“The class was the last one I needed to complete my bachelor’s degree. It was very intense. I was very nervous and excited at the same time, but I knew if I worked hard, I would be able to achieve the nine credits I needed,” said Resto. “I found the class of great value. It left no stone unturned. I researched the concepts of teamwork, communication and problem solving — three major components that one absolutely must have to effectively succeed in the work field. Being able to link your work experience to these three essential skills furnishes you with key tools you need to succeed in the workplace. The class was dynamic, beneficial and helpful.”

Bradley Davis
History Professor Bradley Davis served as a faculty reviewer for the Reverse Internship program.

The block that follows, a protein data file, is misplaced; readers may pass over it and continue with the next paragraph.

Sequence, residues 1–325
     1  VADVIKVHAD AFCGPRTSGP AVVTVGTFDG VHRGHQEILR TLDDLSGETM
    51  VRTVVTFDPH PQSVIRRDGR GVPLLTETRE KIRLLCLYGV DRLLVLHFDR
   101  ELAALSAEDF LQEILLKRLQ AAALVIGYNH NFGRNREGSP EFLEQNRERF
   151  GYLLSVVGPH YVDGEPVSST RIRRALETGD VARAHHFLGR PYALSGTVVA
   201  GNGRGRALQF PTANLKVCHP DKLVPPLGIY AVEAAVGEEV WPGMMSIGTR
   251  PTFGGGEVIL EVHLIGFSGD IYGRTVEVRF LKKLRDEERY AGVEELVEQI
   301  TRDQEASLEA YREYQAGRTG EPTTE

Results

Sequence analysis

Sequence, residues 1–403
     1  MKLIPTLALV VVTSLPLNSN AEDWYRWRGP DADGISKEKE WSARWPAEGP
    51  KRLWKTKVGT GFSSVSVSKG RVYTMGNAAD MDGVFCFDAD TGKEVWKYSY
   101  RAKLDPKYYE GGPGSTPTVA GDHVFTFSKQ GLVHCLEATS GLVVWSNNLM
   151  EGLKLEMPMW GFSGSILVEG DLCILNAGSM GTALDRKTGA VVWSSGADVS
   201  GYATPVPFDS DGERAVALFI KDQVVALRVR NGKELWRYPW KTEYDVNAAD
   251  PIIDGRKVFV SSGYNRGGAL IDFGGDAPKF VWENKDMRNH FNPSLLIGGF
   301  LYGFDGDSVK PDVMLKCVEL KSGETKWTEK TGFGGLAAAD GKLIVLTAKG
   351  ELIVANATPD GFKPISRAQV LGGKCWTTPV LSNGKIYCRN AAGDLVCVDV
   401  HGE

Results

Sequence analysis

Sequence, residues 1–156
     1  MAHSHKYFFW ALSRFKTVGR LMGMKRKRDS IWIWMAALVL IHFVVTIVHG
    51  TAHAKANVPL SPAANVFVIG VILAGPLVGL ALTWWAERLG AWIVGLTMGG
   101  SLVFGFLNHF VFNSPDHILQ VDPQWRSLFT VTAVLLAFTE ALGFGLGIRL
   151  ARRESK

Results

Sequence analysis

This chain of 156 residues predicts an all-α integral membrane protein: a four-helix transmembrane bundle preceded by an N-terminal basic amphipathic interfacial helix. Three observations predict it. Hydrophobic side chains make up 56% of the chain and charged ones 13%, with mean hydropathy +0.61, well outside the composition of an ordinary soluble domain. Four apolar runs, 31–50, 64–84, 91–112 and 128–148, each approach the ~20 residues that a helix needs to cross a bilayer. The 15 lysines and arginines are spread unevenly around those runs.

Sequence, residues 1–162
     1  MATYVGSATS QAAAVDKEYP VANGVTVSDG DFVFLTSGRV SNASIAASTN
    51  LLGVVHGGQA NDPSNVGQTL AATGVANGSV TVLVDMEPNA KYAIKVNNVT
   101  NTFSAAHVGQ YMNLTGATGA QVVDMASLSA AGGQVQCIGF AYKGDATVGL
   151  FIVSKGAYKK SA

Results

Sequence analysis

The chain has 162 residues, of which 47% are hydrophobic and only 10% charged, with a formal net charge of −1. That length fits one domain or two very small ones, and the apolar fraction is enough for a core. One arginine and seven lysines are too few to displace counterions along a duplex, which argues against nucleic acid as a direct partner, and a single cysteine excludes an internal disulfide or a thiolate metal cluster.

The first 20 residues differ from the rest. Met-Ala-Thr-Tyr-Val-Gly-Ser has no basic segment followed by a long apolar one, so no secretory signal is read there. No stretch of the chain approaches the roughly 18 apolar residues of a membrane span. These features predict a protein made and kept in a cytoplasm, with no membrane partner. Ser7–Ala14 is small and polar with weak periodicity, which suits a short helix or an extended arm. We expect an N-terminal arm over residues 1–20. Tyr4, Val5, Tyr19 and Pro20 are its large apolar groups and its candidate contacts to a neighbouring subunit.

Bradley Davis, associate professor of history and coordinator of Asian Studies Minor, served as a faculty reviewer of the program. He used a learning rubric to evaluate student workbook entries and learning. “The final assignment was a research portfolio that, in my estimation, gave each student the opportunity to elaborate their experiences in a variety of fields through critical thinking, discursive writing, drafting and revision.”

“The workplace is changing swiftly,” said Indira Petoskey, assistant dean in the Office of Continuing Studies and Enhanced Learning. “Acceptance into the Reverse Internship Program demonstrates the determination of individuals to achieve their academic goals and also fits the professional concerns of employers. Eastern is happy to be part of this process.”

Indira Petoskey
Indira Petoskey, assistant dean in the Office of Continuing Studies and Enhanced Learning

Credits earned through this program are considered transfer credits only and cannot be used to meet Eastern’s residency requirements. Students still need to complete a minimum of 30 credits of coursework at Eastern for a bachelor’s degree.   

For more information on the Reverse Internship Program, contact Indira Petoskey in the School of Continuing Studies and Enhanced Learning at

Written by Dwight Bachman